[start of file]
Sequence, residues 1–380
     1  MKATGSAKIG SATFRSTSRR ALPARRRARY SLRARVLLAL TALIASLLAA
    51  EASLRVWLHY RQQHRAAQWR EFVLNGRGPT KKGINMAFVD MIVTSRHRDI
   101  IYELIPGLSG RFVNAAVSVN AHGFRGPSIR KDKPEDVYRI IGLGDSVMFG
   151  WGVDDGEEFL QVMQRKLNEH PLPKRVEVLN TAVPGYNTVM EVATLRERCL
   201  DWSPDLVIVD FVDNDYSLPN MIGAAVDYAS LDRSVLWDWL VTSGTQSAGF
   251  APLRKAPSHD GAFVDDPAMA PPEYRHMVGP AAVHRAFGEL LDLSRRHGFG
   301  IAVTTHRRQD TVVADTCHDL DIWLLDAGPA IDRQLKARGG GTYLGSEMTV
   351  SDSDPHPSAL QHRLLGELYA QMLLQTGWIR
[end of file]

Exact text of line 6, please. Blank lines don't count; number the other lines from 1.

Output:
   201  DWSPDLVIVD FVDNDYSLPN MIGAAVDYAS LDRSVLWDWL VTSGTQSAGF